Fat risk, lean controls.
“That’s what Bruce McCuaig said SEC guidance and Public Company Accounting Oversight Board standards should be looking for—risk in this case being the rigorous inventorying of compliance risk. It’s not what he found.
McCuaig, chief risk officer for governance, risk, and compliance software firm Paisley, did some word counting recently. In particular, he sought out the ratios of the words “risk” and “control” in Basel II, Australia New Zealand 4360, PCAOB Accounting Standard No. 2, and the PCAOB AS5 that supersedes it. …
McCuaig boiled down his fat risk/lean control idea into 10 essentials for internal control over financial reporting with AS5. The steps:
1. Develop precise, lean entity-level controls. Such controls are more detailed than those offered by the likes of COSO, McCuaig said, and probably already exist in well-run businesses, though perhaps not in the accounting function. A lean control involves management monitoring, process-owner testing, and self-assessment.
2. Ensure a lean, strong control environment. McCuaig described this as “hardening” the control environment. Doing so involves developing detailed criteria to identify and assess all elements of a control environment, identify and report issues, and seek out and deal with bad behavior.
3. Use fraud risk scenarios. McCuaig said companies should know precisely how they would counter any number of not-good scenarios, including executive pressure for “creative” accounting, altered shipping dates, major debt-covenant breaches or the creation of fake customers. They should be confident enough in that knowledge to present it to the board of directors.
4. Assess the risk associated with period-end processes. Forty-one percent of deficiencies stem from problems with periodic financial processing, McCuaig said. Stanching the flow requires a much more detailed consideration than in the past, including the “fat risks” of incorrect calculations; incomplete, invalid, or missing transactions; cut-off errors; and incorrect interpretation of regulations, among others.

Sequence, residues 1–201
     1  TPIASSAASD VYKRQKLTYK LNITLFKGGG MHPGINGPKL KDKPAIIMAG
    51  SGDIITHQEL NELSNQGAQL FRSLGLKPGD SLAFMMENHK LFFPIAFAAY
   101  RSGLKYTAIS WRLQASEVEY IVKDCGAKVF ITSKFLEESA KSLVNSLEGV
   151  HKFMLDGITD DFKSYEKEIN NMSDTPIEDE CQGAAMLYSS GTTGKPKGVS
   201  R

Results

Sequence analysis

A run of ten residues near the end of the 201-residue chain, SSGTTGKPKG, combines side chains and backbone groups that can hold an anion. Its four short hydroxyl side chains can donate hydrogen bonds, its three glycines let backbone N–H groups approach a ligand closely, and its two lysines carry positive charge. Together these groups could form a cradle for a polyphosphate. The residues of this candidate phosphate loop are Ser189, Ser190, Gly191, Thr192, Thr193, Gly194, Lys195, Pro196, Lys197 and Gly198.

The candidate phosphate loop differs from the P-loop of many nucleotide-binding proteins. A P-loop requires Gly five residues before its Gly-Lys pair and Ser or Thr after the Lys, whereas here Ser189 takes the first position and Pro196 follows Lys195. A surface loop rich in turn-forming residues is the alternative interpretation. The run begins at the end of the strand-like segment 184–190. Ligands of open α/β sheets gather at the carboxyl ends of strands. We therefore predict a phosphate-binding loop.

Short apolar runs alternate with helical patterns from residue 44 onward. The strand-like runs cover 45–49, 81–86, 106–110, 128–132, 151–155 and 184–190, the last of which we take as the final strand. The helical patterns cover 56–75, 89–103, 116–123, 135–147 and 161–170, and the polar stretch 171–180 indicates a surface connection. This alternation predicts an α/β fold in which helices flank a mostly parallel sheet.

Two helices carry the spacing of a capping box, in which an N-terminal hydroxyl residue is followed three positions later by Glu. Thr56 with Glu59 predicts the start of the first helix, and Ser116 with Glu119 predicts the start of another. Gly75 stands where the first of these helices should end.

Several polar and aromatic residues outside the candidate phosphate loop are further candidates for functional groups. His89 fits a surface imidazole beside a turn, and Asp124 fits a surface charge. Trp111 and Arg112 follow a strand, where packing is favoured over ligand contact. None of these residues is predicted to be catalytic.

5. Focus on significant accounts. Account size is only one consideration, McCuaig said. Risk factors include the exposure to losses, the volume and complexity of activity, the use of the account—is management compensated based on how much money is in it?—and error history, he said.
6. Assess significant risks. For significant accounts, what can go wrong? What could happen if a significant account were misstated? Controls should be assigned only after a consideration of specific risks, and the probability of the risk happening, he said. Risk assessment should be the job of the company itself, and not external auditors who almost always lack the insight to do a proper job, McCuaig said.
7. Limit relevant assertions. Anybody with a keyboard can create an assertion these days, McCuaig said. Relative risk must come into play. He suggested applying a “reasonable possibility” test to assertions, and a senior executive should approve all assertions. Only 20-25 percent of assertions pass that test, he said; those that don’t should be removed from Sarbanes scope.
8. Identify significant locations. As with significant accounts, the largest location may not be the most significant. Companies should consider the quality of an internal control, the susceptibility to fraud, and the number and type of employees, among other factors.
9. Assess the risk associated with IT general controls. IT generates perhaps 5 percent of deficiencies, McCuaig said. “There’s a huge amount of work being done, but I’m not sure how much of it should be for IT,” he said. In general, he would rather focus controls on people than systems, he said.
10. Keep score—track deficiencies. This involves tracking deficiencies, identifying concentrations or absences of them, addressing root causes, and developing a deficiency reporting policy, McCuaig said.”